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period for which the first members were appointed, members of it are to be elected in the manner prescribed by regulations to be made by the board. The board has power to appoint officers and make by-laws. The registrar appointed by the board is to keep a register of dentists, and names may be removed if the practitioner be convicted of crime. Penalties are inflicted for wilful falsification of the register, and for unregistered persons using the title of "dentist," "dental surgeon," "dental practitioner," or other names implying that they are registered. Unregistered persons are not to perform operations. The qualifications necessary for registration are: "Any person who is a licentiate in dental surgery of the Royal College of Surgeons of England, the Royal College of Surgeons of Edinburgh, the Royal College of Surgeons, Ireland, the Faculty of Physicians, Glasgow, the Dental College, Sydney; holds such diploma, certificate, or other title, status, or document as may be recognised for the time being by the board as entitling the holder thereof to practise dentistry or dental surgery; has been for the period of two years immediately before and is at the passing of the Act bond fide engaged as a principal in the practice of dentistry, dental surgery, or pharmacy in South Australia, and shall produce or transmit to the registrar information of his name and address and a declaration signed by him in the form provided by the second schedule hereto; is registered or entitled to be re-registered in the United Kingdom as a graduate in dentistry of a medical school or university granting degrees in dentistry upon a curriculum and examination. No person who, at the passing of the Act, is engaged as a mechanic only in making artificial teeth, or making other materials into appliances for other dental purposes, shall be entitled to be registered unless he is registered under the Dentists Act of the United Kingdom and has been resident in South Australia for three years."-Adelaide Observer, Nov. 30, 1901.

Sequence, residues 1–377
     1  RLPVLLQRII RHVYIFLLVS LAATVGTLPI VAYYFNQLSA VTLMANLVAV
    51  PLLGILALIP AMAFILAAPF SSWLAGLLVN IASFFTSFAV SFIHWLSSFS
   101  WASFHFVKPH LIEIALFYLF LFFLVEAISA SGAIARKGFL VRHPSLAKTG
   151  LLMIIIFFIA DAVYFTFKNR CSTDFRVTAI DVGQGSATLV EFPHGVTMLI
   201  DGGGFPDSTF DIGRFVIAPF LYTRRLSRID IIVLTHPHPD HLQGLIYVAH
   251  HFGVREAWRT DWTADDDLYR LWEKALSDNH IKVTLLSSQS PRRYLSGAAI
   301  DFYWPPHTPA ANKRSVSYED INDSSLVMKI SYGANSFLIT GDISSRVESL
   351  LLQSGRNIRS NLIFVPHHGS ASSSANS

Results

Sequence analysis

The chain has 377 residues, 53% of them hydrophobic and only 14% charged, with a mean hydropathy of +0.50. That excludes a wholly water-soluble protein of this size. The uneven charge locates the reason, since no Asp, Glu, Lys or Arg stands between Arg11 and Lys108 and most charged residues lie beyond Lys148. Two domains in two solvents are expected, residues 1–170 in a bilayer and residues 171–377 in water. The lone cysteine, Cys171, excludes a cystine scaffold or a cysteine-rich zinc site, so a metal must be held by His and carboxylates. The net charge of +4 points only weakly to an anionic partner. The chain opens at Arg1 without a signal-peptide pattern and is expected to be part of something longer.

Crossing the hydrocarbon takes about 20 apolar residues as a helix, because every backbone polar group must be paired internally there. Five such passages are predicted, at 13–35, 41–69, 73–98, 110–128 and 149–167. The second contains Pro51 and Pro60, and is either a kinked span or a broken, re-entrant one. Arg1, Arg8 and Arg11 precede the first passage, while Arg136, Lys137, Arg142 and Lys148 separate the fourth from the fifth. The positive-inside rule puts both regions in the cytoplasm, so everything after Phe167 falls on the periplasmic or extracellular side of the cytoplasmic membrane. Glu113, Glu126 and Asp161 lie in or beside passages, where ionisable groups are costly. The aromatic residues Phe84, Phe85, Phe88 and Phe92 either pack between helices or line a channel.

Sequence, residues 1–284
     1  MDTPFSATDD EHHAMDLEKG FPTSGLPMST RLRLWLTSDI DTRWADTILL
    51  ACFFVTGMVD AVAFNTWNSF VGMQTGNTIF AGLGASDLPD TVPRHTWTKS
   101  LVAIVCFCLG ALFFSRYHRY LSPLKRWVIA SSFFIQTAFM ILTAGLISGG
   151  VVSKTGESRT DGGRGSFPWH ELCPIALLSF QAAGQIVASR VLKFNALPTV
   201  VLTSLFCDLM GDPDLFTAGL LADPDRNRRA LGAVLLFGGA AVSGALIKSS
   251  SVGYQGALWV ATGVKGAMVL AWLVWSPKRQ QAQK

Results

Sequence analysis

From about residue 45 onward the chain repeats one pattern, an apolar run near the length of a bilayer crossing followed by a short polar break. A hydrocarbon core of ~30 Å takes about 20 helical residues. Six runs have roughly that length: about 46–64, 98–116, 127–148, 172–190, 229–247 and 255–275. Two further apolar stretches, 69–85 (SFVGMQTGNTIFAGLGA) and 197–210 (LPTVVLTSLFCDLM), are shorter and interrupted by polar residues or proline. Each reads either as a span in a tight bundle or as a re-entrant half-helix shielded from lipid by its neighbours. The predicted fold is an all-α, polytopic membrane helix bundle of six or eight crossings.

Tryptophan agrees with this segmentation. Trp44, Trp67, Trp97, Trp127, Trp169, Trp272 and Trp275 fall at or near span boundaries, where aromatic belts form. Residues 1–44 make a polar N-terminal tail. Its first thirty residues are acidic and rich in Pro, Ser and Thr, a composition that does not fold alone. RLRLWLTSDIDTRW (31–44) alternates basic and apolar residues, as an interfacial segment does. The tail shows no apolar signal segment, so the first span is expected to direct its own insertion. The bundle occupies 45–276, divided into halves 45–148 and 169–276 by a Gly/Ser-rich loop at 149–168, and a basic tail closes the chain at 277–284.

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Journal of the

British Dental Association

No. 2.

FEBRUARY 15, 1902.


Original Communications.

Is the Symmetrical Extraction of the First Permanent Molars Justifiable?



MR. PRESIDENT, LADIES AND GENTLEMEN,-Whilst in other departments of dental science during the last decades progress has been made, so great that scarcely any other branch of the healing art is able to exhibit anything equal, the present question, in spite of all that has been said and written on the subject, remains almost the same as it was half a century ago. Even to-day we find about the same arguments advanced for the extraction of the six-year-old molar as in the year 1830 or 1840.